Ayub came and went but New Delhi was convulsed. There were lurid rumours galore. At 4 p.m. on September 1, the Press Trust of India reported that Krishna Menon had resigned, only to withdraw the report a few hours later. Later still, an agency dispatch from London quoted Air Marshal Mukherjee, then visiting Britain, to the effect that he "knew nothing" about these events.

The next day , Parliamentwas expectedly stormy. On the Opposition benches there was great support for Thimayya and trenchant criticism of Menon. A number of Congress MPs were no less critical of the defence minister but they remained silent. Nehru would have nothing of this, however. He told the House that the issues involved in Thimayya's withdrawn resignation were "rather trivial and of no consequence", and that they arose "from temperamental differences and did not include promotions". However, he declined to place Thimayya's letter of resignation on the table of Parliament, nor has it been made public since.

The core of Nehru's speech was the "supremacy of the civilian authority" though he took care to add that "due heed be paid to the expert advice" the civilian authority received. Altogether the tenor of the prime minister's speech was favourable to Menon and critical of the COAS. Nehru said at one stage that he "could not congratulate the general on the manner in which he has acted."

For months on end thereafter there was tremendous support for Thimayya in Parliament, the press and the public. Even after he retired in early 1961, demands for Menon's dismissal were constant. So were expectations of a cabinet reshuffle during which Menon was likely to be divested of the defence portfolio. Some of Menon's cabinet colleagues were also hoping to see him go. But finally, it was left to the Chinese to drive the abrasive defence minister out.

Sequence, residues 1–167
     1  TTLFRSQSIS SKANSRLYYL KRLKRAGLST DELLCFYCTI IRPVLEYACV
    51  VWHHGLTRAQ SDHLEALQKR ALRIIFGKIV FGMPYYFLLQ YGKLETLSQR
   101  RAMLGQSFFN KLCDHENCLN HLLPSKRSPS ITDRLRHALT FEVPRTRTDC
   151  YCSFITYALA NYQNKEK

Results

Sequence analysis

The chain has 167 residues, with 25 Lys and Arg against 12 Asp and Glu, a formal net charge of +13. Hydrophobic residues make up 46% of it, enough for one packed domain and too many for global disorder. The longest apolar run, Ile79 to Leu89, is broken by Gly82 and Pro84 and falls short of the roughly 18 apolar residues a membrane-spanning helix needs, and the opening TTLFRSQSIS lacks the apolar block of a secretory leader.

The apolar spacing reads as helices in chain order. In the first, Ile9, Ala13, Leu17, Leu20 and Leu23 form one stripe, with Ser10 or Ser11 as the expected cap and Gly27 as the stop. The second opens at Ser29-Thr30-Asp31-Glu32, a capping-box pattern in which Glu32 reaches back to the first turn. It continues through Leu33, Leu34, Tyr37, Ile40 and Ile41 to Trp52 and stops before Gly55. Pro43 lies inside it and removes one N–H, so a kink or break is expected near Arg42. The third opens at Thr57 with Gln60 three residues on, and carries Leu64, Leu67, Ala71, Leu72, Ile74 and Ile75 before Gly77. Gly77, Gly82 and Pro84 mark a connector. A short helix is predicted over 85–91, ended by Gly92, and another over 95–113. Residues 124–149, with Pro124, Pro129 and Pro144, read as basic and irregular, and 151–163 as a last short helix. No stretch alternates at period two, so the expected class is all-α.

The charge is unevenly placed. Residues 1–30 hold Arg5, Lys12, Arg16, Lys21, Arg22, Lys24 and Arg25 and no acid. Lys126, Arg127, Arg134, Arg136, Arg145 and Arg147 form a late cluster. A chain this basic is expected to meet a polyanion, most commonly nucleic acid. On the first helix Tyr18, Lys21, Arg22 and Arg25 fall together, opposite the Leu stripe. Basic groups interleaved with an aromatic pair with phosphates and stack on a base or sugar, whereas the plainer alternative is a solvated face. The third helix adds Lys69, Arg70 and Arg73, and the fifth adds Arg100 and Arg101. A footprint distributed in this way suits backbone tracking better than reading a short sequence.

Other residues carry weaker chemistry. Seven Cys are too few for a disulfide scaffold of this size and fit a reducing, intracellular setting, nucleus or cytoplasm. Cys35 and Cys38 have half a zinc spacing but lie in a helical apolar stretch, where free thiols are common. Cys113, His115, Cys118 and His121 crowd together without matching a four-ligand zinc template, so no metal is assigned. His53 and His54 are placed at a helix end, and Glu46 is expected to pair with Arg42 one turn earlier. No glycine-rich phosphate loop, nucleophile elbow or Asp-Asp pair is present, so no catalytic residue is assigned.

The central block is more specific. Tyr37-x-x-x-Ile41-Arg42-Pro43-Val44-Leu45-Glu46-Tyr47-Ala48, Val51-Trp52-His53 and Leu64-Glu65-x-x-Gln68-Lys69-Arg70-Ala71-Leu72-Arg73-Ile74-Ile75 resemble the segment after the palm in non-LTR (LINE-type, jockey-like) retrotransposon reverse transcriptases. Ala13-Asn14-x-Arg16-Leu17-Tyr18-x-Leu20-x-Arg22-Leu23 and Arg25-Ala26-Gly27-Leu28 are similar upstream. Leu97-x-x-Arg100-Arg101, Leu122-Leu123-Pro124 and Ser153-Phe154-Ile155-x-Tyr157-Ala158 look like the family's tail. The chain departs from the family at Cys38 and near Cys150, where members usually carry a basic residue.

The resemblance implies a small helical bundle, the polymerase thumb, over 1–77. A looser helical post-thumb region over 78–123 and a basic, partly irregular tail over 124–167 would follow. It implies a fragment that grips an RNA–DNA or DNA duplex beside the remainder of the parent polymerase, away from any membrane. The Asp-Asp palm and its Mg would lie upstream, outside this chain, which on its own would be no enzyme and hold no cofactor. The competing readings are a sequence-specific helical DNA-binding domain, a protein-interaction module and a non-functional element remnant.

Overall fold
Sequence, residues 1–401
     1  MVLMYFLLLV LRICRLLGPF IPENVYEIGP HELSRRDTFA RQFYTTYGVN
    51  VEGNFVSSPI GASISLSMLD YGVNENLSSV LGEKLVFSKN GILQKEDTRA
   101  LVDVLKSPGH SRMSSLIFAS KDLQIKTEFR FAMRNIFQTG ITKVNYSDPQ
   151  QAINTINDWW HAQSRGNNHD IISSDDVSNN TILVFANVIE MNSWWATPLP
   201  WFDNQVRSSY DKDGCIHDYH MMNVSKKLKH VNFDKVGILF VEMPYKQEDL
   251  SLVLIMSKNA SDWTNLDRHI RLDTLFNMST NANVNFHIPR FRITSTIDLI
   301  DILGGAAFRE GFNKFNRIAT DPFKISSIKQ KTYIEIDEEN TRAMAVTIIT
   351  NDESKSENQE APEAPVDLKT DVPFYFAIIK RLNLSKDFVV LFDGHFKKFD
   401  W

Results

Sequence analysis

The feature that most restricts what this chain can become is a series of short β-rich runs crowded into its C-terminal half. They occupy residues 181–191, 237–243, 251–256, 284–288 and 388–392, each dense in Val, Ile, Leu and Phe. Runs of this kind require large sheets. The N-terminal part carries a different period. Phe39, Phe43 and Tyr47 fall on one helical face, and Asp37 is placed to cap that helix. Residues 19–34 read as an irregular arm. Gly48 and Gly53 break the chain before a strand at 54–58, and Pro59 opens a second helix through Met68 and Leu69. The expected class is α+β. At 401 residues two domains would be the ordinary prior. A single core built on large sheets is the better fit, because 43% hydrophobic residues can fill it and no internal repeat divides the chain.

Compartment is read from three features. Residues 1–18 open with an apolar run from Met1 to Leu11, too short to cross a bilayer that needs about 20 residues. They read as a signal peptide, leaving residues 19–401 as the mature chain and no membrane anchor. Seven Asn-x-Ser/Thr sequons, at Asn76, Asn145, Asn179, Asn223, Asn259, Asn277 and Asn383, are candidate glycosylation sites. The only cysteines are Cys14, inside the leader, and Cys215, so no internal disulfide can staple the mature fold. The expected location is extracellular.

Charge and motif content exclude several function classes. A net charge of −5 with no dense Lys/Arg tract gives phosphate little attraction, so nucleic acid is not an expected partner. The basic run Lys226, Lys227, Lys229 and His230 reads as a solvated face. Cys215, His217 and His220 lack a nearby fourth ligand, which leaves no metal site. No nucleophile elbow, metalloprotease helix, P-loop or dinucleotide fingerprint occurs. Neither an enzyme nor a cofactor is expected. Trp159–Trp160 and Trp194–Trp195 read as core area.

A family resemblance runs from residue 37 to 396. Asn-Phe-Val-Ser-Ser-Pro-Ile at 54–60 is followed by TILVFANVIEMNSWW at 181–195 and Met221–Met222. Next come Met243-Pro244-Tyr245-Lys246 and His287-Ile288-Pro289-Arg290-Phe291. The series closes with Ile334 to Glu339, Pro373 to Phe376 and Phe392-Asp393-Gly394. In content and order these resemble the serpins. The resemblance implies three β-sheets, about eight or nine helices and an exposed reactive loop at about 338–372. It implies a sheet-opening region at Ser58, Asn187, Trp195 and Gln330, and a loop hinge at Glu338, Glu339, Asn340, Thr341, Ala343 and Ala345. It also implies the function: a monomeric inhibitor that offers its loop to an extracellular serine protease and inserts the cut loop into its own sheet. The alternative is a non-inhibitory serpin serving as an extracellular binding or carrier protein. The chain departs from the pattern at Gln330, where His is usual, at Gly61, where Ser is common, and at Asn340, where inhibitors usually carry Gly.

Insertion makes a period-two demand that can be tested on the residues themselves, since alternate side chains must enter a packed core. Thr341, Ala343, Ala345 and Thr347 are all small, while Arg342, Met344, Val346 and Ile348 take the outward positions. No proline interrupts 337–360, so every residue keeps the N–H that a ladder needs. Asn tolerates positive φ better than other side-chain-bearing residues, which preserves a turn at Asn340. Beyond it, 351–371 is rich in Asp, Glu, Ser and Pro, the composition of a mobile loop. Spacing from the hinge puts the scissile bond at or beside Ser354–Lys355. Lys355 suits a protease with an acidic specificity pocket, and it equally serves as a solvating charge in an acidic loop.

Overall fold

S. Gopal perceived the Thimayya-Menon episode as "a comic-opera putsch". According to him, Nehru dealt with it in Parliament "in such a way as to strengthen Menon's position and shrink Thimayya's reputation. He stressed the importance of the government's control of the armed forces and hinted that Thimayya had acted irresponsibly."

Some military officers argue that the Thimayya resignation should not be brought in while discussing the present three service chiefs' refusal, initially at least, to notify a cabinet decision. The matter is debatable but in any case, it is no bar to remembrance of things past.

The writer is a Delhi-based political commentator

ASK PRABHU – Prabhu Chawla's Blog

Why isn't the government too keen to act on grievances of the armed forces with regard to the Sixth Pay Commission? October 16, 2008

Prabhu Chawla Answers...

I think our political leaders didn't read the fine print of the Pay Commission report written by the IAS officers. Now our Prime Minister has realized the damage done to the morale of the defence forces. Hopefully, some positive news may come soon for them.

-Asked by Amit
etc.amit@gmail.com

India, US to strengthen military ties
Tribune News Service

New Delhi, October 16
India and the USA for the first time today agreed to work together to formulate a doctrine and raise the level of participation in joint military exercises.

The Chief of US Army General George William Casey met his Indian counterpart General Deepak Kapoor. They reportedly discussed security related developments in southeast Asia, especially in Pakistan, Nepal and China.

The two Chiefs also agreed to cooperate in exchange of military and related technologies for the development of enhanced capabilities for the future combat soldier (a programme of the Indian Army referred to as FINSAS - Future Infantry Soldier as a System). This is a long term project and Indian side asked the US for cooperation in this. The US army will be developing its own warfare models based on Indian experiences in counter insurgency and low intensity conflict.

The two Chiefs re-affirmed the need to enhance mutual military-to-military cooperation, especially in the fields of exchange of military personnel for attending additional professional courses.

General Casey will be addressing a gathering at the National Defence College (NDC) and will also be visiting Leh and Agra.

The US army chief paid homage at the Amar Jawan Jyoti after the traditional guard of honour at the South Block lawns.

Naval warship deployed to escort commercial ships
Ajay Banerjee
Tribune News Service

New Delhi, October 16
In a strategic move, the Government of India today deployed a naval warship that will escort the Indian commercial ships while crossing the piracy-ridden Red sea area that falls on the route to the entry into the Suez Canal.

India today became the fourth navy after the US, Russia and France to deploy its warships on the world's busiest sea trading route. The patrolling is commencing immediately as defence minister A.K. Antony cleared the proposal this evening.